Listeners unfamiliar with Edward Elgar's songs might not guess the composer on hearing them blind, for their idiom, internally quite consistent over a period of years, little resembles that of the composer's choral and orchestral standards. Roughly chronologically arranged, the songs here (this is the second volume of Elgar songs from the same performers) date back to Elgar's 15th year with The Language of Flowers (1872), which has a pleasant Mendelssohnian tune. Many of the other songs Elgar wrote during the first part of his career were intended to make a good impression at salon concerts for well-heeled music aficionados. They are harmonically unchallenging, often on fashionable Victorian and Edwardian subjects, and always closer to Schumann than to Hugo Wolf, even in some later and more personal pieces for which Elgar wrote the texts himself under the name of Pietro d'Alba (the name of his daughter's pet rabbit). The other poets include some big names (Elizabeth Barrett Browning, A.C. Swinburne, Henry Wadsworth Longfellow) in among some minor ones, but most of it is pleasant love poetry regardless of author. The performances are ideal, and they're enough by themselves to recommend the album to Elgar lovers. Baritone Konrad Jarnot, who is of British origin despite long residence in Germany, has diction that makes the printed texts (in English only, although this is a Dutch release) unnecessary, and both he and soprano Amanda Roocroft maintain an appealingly light, almost conversational tone and focus on Elgar's melodies rather than trying to put depths into these songs that aren't there. The intimate but perfectly clear sound is another very strong point, as is the detailed booklet essay by Lewis Foreman, also only given in English.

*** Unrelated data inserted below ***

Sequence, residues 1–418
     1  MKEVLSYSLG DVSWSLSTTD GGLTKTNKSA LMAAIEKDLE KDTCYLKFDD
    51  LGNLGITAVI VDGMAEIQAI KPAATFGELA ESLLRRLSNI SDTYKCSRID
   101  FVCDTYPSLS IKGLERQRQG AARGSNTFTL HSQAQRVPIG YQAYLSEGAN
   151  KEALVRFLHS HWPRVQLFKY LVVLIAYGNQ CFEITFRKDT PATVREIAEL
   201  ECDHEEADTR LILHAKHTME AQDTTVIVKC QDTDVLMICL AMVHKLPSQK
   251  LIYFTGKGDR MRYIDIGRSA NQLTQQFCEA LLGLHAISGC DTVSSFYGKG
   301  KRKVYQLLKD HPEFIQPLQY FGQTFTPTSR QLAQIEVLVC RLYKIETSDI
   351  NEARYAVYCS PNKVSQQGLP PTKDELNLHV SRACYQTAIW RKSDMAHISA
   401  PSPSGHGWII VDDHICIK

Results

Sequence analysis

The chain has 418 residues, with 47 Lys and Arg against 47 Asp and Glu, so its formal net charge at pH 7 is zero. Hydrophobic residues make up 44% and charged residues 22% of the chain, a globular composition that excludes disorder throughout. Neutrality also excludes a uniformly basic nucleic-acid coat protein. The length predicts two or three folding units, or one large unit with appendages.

AllMusic Review by James Manheim